Monday, April 16, 2007
Another one? posted by Richard SeymourWhy do they keep shooting up the students? Don't get me wrong, I am fully aware that this can be hyped, and used to justify the transformation of educational institutions into heavily policed camps, or 'profiling' that enables violating students' privacy. What's more, the ideological structures prevalent in American society have permitted these events to be understood in extraordinary ways that enable schools to suspend students or send them to the cop shop for wearing black clothing, issuing threats (however insincere) or using allegedly inappropriate language. Sometimes when the perpetrator is far too young to be held responsible for their actions, they are either tried as adults or they find an adult to try for something. Or when they have been tried as minors, various people have complained that their punishment isn't severe enough, as in the case of the Jonesboro Massacre. Clearly, these are ways to avoid dealing with the problem. For, surely the incidence of this in the US is at the very least way above average. What is more, it is suggested that many more are planned than succeed - for instance, after Columbine, a number of 'copycats' were allegedly attempted. One guy even runs a blog devoted to the topic.
These aren't always sudden outbursts: rather, they are often planned some time in advance, and weapons are accumulated to accomplish the act. There are often social causes involved, such as the destruction of the welfare state, yet the agents are often reasonably well off. I can only too easily fashion an Amisian response: killing is fun, a real kick, and the only wonder is that the civilised facade holds so well for so much of the time. Yet, I don't fancy the idea at all. I can't bring myself to seriously contemplate the idea of killing someone with pleasure, not even Martin Amis. I suppose, aside from the usual nutters blaming it on the teaching of Darwin in schools without an accompanying prayer, we will have to hear from people who think there's a 'culture of violence' - video games, movies, heavy metal and hip hop. To be sure, there is no shortage of cultural output that valorises random killing, but I can't help noticing a few things. Firstly, these complaints are usually tinged with racism (complaining about gritty movies with Fifty Cents and not the sexy ones with Brad Pitt). Secondly, they rarely focus on the involvement of the military-industrial complex in producing such output (video games with advertising that encourage you to 'Command Respect' by wiping out towns and villages, or that envision the overthrow of the Venezuelan government; Hollywood participation in the 'war on terror'). Thirdly, the 'culture of violence' never involves the actual business of strafing communities with bullets, cluster-bombs and daisy-cutters. Finally, of course, plenty of societies are entirely plugged into violent American culture, and generate cultures of violence all on their own, without necessarily having this scale of ongoing murderous assault on the young.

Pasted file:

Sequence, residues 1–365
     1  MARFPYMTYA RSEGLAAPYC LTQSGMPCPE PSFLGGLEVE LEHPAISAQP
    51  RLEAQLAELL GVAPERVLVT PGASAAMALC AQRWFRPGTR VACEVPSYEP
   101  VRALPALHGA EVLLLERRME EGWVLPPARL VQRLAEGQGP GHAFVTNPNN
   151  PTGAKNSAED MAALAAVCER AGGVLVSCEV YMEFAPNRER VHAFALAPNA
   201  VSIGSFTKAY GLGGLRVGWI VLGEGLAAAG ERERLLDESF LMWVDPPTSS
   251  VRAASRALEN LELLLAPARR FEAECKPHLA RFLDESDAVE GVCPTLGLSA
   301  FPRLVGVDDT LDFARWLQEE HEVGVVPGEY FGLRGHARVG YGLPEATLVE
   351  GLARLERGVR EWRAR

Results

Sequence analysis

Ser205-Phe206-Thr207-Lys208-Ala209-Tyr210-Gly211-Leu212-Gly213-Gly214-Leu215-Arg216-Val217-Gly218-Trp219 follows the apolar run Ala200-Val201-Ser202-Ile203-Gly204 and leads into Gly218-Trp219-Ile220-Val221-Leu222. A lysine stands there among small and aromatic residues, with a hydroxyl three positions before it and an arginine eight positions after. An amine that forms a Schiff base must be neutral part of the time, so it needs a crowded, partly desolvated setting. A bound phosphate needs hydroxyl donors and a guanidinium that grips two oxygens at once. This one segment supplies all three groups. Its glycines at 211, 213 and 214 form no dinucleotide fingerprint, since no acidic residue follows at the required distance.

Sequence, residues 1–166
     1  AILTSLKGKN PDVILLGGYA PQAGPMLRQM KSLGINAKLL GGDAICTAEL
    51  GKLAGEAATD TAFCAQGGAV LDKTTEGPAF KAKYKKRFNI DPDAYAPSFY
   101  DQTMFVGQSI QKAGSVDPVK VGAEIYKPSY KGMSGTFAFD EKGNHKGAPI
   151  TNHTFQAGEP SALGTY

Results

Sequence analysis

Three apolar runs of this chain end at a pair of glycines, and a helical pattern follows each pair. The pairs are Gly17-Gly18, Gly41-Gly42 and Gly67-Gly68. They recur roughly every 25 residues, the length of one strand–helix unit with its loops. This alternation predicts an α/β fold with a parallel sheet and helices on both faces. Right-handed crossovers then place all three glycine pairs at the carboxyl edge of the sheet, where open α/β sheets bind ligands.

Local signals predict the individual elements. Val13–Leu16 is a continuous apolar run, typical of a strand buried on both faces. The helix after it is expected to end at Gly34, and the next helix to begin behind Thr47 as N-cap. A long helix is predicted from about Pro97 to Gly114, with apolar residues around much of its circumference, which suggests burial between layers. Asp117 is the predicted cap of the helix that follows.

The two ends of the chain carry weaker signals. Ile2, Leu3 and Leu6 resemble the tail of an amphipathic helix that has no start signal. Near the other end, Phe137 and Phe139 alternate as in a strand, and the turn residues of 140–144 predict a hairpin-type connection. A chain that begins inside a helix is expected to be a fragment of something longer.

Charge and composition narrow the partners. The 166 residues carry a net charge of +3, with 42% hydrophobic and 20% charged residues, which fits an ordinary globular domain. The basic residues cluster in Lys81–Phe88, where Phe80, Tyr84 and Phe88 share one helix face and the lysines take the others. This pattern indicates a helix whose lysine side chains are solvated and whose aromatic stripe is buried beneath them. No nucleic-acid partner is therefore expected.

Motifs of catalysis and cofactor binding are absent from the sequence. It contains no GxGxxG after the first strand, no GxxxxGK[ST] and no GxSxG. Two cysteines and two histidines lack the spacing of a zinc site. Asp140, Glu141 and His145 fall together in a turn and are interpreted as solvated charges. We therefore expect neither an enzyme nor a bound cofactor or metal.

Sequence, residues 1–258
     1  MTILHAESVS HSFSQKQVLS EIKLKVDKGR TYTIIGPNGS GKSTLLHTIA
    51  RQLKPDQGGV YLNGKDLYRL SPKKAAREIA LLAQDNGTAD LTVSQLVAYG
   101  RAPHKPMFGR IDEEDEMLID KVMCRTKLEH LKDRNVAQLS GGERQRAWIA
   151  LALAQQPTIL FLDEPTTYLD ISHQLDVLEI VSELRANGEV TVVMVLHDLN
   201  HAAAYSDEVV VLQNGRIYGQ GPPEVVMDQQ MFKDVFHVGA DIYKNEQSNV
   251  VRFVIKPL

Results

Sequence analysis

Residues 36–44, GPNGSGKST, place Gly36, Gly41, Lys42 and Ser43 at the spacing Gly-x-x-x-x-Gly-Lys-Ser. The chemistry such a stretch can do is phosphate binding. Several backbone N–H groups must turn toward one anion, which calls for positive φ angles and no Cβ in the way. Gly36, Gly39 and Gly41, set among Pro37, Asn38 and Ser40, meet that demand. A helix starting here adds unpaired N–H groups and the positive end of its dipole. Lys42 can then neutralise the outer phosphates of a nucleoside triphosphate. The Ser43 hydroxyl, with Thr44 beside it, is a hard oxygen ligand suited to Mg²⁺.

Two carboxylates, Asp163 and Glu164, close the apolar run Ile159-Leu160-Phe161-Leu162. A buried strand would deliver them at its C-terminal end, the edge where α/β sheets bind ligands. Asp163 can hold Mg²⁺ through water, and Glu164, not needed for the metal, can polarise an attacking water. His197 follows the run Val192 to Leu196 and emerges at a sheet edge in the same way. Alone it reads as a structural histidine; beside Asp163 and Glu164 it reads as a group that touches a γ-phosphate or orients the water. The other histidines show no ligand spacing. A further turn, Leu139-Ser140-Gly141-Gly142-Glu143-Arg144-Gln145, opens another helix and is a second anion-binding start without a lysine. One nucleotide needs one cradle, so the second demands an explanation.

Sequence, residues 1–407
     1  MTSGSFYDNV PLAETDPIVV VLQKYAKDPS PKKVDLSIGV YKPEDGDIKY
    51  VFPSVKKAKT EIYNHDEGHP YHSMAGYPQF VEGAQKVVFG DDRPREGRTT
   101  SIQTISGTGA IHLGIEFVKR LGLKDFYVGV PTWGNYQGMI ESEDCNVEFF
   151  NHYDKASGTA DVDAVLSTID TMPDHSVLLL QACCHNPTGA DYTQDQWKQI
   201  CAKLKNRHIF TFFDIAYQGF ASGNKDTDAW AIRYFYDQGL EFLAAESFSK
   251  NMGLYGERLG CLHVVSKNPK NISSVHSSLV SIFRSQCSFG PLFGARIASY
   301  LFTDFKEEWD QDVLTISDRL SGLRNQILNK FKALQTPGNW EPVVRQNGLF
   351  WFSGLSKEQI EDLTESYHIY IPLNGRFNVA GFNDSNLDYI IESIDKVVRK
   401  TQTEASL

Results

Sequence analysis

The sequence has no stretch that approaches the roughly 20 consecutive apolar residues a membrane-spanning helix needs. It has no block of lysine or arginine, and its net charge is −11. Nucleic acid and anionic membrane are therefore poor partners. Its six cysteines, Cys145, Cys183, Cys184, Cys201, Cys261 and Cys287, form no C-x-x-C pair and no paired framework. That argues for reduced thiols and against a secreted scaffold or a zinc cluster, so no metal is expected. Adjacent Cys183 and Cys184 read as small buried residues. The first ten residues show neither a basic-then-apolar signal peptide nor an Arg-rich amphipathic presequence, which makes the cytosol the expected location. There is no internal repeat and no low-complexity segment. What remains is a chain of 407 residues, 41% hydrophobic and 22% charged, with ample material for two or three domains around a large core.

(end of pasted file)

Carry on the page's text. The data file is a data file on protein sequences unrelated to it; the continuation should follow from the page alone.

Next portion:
And then there will be the calls for gun restrictions, which would seek to restrain the use of an easily handled and highly effective weapon of death. No bad thing in my view. Yet, as Michael Moore pointed out in Bowling for Columbine, there are plenty of societies where gun ownership is prevalent, and where there isn't the repeated spectacle of classroom massacre. Student alienation in a viciously competitive educational system that prepares children for life in a capitalist society that where forms of social solidarity are embattled and diminished can have its role, perhaps, but then again, many of these shootings have been perpetrated by adults outside of the school system, often exacting some kind of bizarre 'revenge' on the children before committing suicide. Perhaps, then, it is too simple to locate a single cause: rather, a combustible fusion of most of these factors in various ways could produce the necessary circumstances.